Arthur Christmas is presented on Blu-Ray in AVC format with a 1.85 aspect ratio. I've never seen a bad-looking CGI movie on any hi-def format, and this is certainly no exception. It's simply beautiful, with lots of details to explore through multiple viewings. The movie was presented in 3D during its theatrical run and there is a 3D Blu-Ray available, but I was only sent the 2D edition. This is a movie that would look great in 3D if done right and I hope to be able to see it that way eventually; I have seen the trailer in 3D which looked very good. A standard DVD is also included in this package, and sampling that the picture pales in comparison. Part of this might be due to the low bitrate used; checking on my computer the entire disc is only 5.23 GB. I don't know if the quality of DVDs recently has been deliberately compromised in order to make the quality-conscious people switch to Blu-Ray, but it seems the DVD could have looked better than it does. (I'll save my questioning of why studios even bother including a regular DVD with a Blu-Ray disc at all for another time.)
Sound on the Blu-Ray is in 5.1 DTS HD Master Audio and is a great mix, with some active surrounds and overall thrilling sound effects. Dialogue is well-recorded although the British accents may be hard to understand on first viewing. I was pleased to hear that most of it was "panned" across the front channels in relation to where the character was speaking on-screen. A French dub in 5.1 DTS HD Master Audio is included along with Spanish in 5.1 Dolby Digital. There is also a descriptive audio track for the visually impaired in 5.1 Dolby Digital, where a female narrator describes what is going on in between lines of dialogue. I only had time to listen to part of this but it sounds more interesting than many audio commentaries. (Descriptive tracks were used on the first DVD releases of Terminator 2 and Basic Instinct and largely disappeared after that, but seem to be making a comeback being used on many recent releases. The irony is that the tracks are hard to access if you are unable to see the onscreen menus or player controls.) The standard DVD has the main audio and Spanish and French dubs in 5.1 Dolby Digital, with the descriptive track in Pro-Logic rather than 5.1.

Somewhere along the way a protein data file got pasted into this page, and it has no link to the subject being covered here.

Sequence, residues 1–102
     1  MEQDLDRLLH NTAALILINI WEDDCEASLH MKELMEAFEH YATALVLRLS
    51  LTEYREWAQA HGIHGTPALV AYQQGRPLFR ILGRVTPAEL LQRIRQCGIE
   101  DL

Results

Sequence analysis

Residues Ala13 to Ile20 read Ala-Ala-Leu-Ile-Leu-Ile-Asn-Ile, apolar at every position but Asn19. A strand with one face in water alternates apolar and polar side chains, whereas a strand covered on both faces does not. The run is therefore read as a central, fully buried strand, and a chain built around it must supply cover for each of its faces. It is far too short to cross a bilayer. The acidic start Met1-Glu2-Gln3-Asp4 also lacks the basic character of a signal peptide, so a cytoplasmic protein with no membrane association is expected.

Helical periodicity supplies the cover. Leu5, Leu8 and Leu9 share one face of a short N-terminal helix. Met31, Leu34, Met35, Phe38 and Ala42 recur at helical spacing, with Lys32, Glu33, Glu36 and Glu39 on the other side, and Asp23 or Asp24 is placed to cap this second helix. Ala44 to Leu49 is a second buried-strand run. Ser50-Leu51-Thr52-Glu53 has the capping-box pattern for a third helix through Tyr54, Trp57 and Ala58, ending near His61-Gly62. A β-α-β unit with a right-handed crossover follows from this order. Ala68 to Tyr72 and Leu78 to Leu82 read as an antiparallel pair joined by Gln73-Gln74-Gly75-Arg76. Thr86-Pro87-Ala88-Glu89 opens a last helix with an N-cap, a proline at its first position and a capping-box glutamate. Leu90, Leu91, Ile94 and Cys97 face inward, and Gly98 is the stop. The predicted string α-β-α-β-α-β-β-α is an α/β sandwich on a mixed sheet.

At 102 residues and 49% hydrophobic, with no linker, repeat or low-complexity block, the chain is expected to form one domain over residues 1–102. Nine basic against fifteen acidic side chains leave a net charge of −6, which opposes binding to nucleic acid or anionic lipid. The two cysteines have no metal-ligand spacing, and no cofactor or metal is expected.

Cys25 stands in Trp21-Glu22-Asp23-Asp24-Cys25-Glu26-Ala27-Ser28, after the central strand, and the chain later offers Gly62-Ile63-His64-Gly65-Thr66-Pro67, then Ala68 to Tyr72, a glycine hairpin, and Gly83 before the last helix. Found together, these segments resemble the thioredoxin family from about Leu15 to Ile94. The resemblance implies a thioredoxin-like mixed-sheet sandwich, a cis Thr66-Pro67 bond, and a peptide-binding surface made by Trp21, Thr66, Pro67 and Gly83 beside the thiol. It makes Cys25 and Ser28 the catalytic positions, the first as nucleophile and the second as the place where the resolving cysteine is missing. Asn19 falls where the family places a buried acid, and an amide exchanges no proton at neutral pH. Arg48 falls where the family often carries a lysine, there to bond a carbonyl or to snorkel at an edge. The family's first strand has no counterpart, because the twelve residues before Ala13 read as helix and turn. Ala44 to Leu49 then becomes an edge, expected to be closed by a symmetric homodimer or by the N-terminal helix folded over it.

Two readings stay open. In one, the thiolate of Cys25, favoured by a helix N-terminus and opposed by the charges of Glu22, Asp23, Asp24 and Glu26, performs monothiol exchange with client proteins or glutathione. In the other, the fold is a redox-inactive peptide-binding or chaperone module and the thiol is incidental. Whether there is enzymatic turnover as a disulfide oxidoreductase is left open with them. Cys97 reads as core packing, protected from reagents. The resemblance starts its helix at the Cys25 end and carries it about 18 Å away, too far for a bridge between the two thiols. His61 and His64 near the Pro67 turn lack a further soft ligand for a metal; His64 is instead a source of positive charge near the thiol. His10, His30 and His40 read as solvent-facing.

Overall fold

Both discs include standard English subtitles showing only the dialogue, and "SDH" done the same way as TV closed-captions, with the text appearing in a black box positioned near the speaking character. French and Spanish subtitles are also included. (Text on the Blu-Ray is white, while the DVD uses Sony's usual yellow.)
Both the Blu-Ray and DVD include a 13-minute making-of piece titled "Un-Wrapping Arthur Christmas" with the usual director and cast comments as well as an overview of the plot. Then there are Progression Reels for four scenes, shown with various stages of the computer animation process. Finally there is an "Elf Recruitment Video" which really just plays like a trailer for the movie. Both discs open with a promo for the Sony Entertainment Network, then trailers (all with 5.1 sound and the proper aspect ratios) for Hotel Transylvania, The Pirates! Band of Misfits, The Smurfs (regular trailer on the Blu-Ray, teaser on the DVD), and 12 Dogs of Christmas: Great Puppy Rescue. All of these are also selectable from the menus with an additional trailer for The Swan Princess Christmas.
Also included is an Ultraviolet code, which I redeemed to add to my Vudu movie library with up to HDX quality and Dolby Digital Plus 5.1 audio. Sampling a bit of that, the transfer there is slightly cropped to 1.77. In HD quality I noticed the picture's resolution was higher than the standard DVD (but lower than the Blu-Ray obviously) but had more noticeable compression artifacts. I'm not really a fan of these "digital copies" but I already use Vudu on my equipment for rentals, and when I can use these copies with that at no extra charge it only makes sense to add them to my account.
Although it isn't perfect, I found Arthur Christmas to be a worthy addition to anyone's holiday movie list. It's certainly nice to look at, and I was amused that it applied a problem common in many businesses to the way Santa Claus operates- that of overall efficiency taking a higher priority than the purpose of the business in the first place.
Pictures in this review were captured from the standard DVD included with this Blu-Ray.
Jesse Skeen is a life-long obsessive media collector (with an unhealthy preoccupation with obsolete and failed formats) and former theater film projectionist. He enjoys watching movies and strives for presenting them perfectly, but lacks the talent to make his own.